Chugiak turned a highly anticipated showdown into just another romp as the No. 1 ranked Mustangs galloped to a 44-25 win over No. 2 Colony to win the Railbelt Conference and complete an undefeated regular season.
“This feels amazing, especially on our home field,” said Chugiak’s Ramal Maad, who ran for 59 yards and two touchdowns as the Mustangs secured the top seed in the Division I state playoffs, which start a week from Friday.
The good news for South High freshman Ava Earl is Eagle River’s Emily Walsh continues to eat her dust. The bad news is Walsh is eating a lot more of it.
Walsh hung on the heels of her fellow frosh for all but the final few hundred meters, finishing 13 seconds behind the Wolverines’ star at the Region IV Cross Country Running Championships on a muddy — but not rainy — 5-kilometer layout at the Bartlett High trails.
UPDATE (Friday, Sept. 22): The woman arrested Thursday, Sept. 21 was identified Friday by Anchorage Police as 23-year-old Brandy L. Nolcini. Court records show Nolcini was released the same day she was arrested and is currently free on $3,000 cash/corporate bail. Records show that at the time of her arrest Thursday in Eagle River, Nolcini was out on $250 bail for a misdemeanor case filed Sept. 17. Charging documents were pending in both cases as of Friday, Sept. 22.
Eagle River’s loss on the gridiron Saturday afternoon was insignificant compared to the tragic loss the team suffered away from the field.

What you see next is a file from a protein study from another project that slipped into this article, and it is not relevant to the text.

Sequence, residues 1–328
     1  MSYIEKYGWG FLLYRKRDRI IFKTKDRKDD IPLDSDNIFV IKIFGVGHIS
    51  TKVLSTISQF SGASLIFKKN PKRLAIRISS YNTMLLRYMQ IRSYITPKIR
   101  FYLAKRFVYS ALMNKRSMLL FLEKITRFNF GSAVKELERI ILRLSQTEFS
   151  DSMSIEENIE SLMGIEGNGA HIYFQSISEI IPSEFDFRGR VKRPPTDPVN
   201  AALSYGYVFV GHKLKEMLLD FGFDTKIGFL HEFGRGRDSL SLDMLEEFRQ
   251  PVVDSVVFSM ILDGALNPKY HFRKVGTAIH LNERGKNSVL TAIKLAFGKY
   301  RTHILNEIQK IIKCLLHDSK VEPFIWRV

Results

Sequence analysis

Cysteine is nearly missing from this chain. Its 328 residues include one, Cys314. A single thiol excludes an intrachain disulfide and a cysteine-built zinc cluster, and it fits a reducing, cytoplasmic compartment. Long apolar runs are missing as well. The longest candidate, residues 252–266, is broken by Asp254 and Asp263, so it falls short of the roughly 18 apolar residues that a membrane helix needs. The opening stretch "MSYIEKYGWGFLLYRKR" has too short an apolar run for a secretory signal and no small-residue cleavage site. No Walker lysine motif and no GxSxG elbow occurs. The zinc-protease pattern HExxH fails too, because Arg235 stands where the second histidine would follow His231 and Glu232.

Just hours before the afternoon game against Palmer, the Wolves learned one of their teammates had died Friday night. Head coach Bob Adkins said he couldn’t give specifics about the teen’s death or name the player due to school district privacy rules, but said his team was grief-stricken by the news.
Oohs and ahhs — and a few raven caws — filled the gymnasium at Ravenwood Elementary Thursday as students got their first look at a new piece of artwork they created using a very special medium: Themselves.
The day before, about 500 Ravenwood students gathered outside the school, where they each crouched down inside a grid laid out in black, loamy peat on the grassy lawn. Perched high above in a bucket truck, a photographer captured a picture of the kids, who wore red, black or blue t-shirts.
Eagle River’s rugged terrain is a mountaineer’s paradise, so it’s perhaps no surprise some of Alaska’s top mountain runners hail from the community. However, even some of the winners in this year’s Alaska Mountain Runners Grand Prix series were a bit taken aback by their success.
“It was definitely more of a surprise,” said Eagle River’s Christopher Kirk, a 20-year-old personal trainer who won the men’s Grand Prix title this season.